Adrian points to the collaborative attitude of the project team was a “huge contributor” to the project’s success. “From design input at the early stages to robust design documentation, and tuning and commissioning, the project team was pivotal in us elevating our operational rating to 5.5 stars,” he says.

“I think the most pleasing part of the process was that we were able to deliver a building half a star higher than the NABERS Commitment Agreement design target. Our first certified rating was 5.5 stars and we have maintained that rating since.”

Tower of energy-efficient power

Years on, 1 William Street is still held in high regard as a benchmark of best practice sustainability.

“Many people who work there said the building changed the way they felt about their work – and that they are proud to work for the Queensland Government because of 1 William Street,” Bronwyn explains.

Adrian agrees, arguing that 1 William Street has allowed the Queensland Government to compete with the private sector in the battle for talent. He calls the building an “investment in efficiency”.

“In many cases, the government was leaving old, inefficient, and under-occupied buildings that were unattractive to workers.”

Bronwyn’s advice to other architects starting work on a project with a NABERS Commitment Agreement?

“Embrace the process. A NABERS Commitment Agreement is a benchmark that can help you create a better product for people and the environment.”

NABERS can be a tool to get people excited about a project. There is a real sense of accomplishment when a NABERS rating is achieved post-completion. It’s a tangible measure of success- Bronwyn McColl, Principal, Woods Bagot & Cbus Property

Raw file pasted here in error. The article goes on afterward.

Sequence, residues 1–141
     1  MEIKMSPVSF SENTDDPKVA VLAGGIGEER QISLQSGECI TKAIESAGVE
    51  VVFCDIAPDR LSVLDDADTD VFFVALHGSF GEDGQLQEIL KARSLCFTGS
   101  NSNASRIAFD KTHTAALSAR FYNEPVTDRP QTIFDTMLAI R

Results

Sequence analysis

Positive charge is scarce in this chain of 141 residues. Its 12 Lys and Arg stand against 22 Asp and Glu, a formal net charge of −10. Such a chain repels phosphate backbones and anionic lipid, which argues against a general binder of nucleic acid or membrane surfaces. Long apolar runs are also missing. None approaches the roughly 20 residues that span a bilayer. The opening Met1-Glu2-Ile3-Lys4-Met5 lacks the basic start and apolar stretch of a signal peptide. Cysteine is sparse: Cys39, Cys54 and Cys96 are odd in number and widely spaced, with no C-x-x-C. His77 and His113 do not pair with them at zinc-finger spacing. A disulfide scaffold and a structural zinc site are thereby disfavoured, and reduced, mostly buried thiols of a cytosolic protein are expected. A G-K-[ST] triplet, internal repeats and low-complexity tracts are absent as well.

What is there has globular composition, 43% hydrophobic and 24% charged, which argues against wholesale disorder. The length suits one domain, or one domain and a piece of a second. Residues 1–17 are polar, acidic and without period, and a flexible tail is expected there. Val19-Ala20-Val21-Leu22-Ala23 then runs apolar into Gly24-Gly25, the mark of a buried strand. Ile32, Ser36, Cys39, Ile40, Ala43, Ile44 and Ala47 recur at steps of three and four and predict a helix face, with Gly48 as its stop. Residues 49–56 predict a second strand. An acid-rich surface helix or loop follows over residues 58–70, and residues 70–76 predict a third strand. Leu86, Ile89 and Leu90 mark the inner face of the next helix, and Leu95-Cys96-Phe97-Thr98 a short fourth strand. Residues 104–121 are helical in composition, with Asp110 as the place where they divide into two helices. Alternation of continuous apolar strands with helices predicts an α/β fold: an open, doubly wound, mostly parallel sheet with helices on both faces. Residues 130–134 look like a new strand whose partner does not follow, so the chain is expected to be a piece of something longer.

NABERS Commitment Agreements in five simple steps

  1. Enter a contract: Sign the Commitment Agreement contract and pay the fee; NABERS will send you a counter-signed contract. You will then have a limited licence to promote your target rating (using approved wording).

  2. Design, document, and model: Design the building or space to operate at the energy performance level outlined in your Commitment Agreement. Prepare the model, simulation report, and minimum documentation as detailed in the Handbook for Estimating NABERS ratings.
  3. Secure and submit an Independent Design Review report: Contract a member of the Independent Design Review Panel to assess the project and provide a report. nabers [at] environment.nsw.gov.au (Share your report) with NABERS. More information on how is in the Handbook for Estimating NABERS ratings.
  4. Promote your target rating: Once NABERS has approved your report, you have a full licence to promote your target rating. This includes using the Commitment Agreement certificate and logo.
  5. Get a NABERS performance rating: Once your building is operational, arrange for a NABERS Accredited Assessor to carry out a Performance Rating based on 12 months of real, operational energy usage.

The COVID-19 pandemic is no reason to press pause on your commitment to NABERS ratings. To help, we’ve published a guidance document, Commitment Agreements during COVID-19 to help you stay the sustainability course.